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American Dictionary of the English Language

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Cost


COST, noun [See the Verb.]

1. The price, value or equivalent of a thing purchased; the amount in value paid, charge or engaged to be paid for any thing bought or taken in barter. The word is equally applicable to the price in money or commodities; as the cost of a suit of clothes; the cost of a house or farm.

2. Expense; amount in value expended or to be expended; charge; that which is given or to be given for another thing.

I will not offer burnt offerings without cost 1 Chronicles 21:24.

Have we eaten at all at the kings cost? 2 Samuel 19:42.

The cost of maintaining armies is immense and often ruinous.

3. In law, the sum fixed by law or allowed by the court for charges of a suit awarded against the party losing, in favor of the party prevailing, etc. The jury find that the plaintiff recover of the defendant ten dollars with costs of suit or with his cost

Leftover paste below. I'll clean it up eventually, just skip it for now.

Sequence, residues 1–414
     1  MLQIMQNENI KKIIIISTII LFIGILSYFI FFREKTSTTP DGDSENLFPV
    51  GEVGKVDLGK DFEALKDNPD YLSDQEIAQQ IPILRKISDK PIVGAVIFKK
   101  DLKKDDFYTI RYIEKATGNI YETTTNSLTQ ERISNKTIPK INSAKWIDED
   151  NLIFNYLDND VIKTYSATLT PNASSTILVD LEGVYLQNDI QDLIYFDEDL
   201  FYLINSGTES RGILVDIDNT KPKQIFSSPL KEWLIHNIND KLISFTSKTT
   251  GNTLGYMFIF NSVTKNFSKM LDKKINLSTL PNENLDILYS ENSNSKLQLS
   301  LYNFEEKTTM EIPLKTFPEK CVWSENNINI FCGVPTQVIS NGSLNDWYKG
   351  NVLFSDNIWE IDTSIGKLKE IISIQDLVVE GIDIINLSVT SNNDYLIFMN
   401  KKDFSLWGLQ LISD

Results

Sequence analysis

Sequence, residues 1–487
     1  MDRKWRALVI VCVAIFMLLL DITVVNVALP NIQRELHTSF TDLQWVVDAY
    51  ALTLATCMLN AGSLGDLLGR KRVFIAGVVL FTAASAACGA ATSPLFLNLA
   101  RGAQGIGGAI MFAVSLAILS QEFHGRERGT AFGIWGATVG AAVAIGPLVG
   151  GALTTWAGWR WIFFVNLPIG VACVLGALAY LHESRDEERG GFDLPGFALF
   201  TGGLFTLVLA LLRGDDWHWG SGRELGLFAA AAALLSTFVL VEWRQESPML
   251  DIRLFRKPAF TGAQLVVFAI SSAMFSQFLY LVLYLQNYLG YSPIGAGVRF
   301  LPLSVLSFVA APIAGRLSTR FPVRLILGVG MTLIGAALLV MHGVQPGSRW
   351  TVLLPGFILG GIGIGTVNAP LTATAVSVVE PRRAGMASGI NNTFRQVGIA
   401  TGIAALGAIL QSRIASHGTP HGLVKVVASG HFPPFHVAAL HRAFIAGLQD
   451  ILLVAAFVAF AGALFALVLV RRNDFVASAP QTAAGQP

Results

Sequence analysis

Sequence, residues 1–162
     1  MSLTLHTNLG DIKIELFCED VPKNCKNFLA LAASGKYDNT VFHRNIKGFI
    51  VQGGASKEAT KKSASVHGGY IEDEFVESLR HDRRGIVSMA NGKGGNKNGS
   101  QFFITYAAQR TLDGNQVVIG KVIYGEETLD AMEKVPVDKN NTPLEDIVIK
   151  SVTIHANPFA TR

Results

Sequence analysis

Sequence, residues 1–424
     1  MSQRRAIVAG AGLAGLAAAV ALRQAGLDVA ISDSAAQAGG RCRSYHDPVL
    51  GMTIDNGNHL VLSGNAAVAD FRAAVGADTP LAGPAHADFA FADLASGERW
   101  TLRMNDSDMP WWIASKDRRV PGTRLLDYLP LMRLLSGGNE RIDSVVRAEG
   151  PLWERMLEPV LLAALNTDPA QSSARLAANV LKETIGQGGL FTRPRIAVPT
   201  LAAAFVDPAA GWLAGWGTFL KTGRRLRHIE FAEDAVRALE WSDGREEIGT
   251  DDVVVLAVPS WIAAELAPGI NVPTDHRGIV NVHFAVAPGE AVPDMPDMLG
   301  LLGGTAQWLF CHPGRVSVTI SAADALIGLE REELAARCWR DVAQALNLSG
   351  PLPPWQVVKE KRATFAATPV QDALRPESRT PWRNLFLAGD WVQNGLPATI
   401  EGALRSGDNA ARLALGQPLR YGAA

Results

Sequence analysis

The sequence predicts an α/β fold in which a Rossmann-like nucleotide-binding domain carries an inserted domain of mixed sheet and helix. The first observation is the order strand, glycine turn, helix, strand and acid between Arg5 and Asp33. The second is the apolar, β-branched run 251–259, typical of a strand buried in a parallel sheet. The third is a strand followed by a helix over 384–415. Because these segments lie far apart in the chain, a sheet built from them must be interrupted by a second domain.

4. Loss or expense of any kind; detriment; pain; suffering. The vicious man indulges his propensities at a great cost

5. Sumptuousness; great expense.

COST, verb transitive [The noun cost coincides in most of these languages with coast and Latin Costa, a rib, the exterior part. The primary sense of the verb is, to throw or send out, to cast, as we say, to lay out. I call this a transitive verb. In the phrase, a hat costs six dollars, the sense is, it expends, lays out, or causes to be laid out six dollars.]

1. To require to be given or expend in barter or purchase; to be bought for; as, this book cost a dollar; the army and navy cost four millions a year.

2. To require to be laid out, given, bestowed or employed; as, Johnsons Dictionary cost him seven years labor.

3. To require to be borne or suffered. Our sins cost us many pains. A sense of ingratitude to his maker costs the penitent sinner many pangs and sorrows.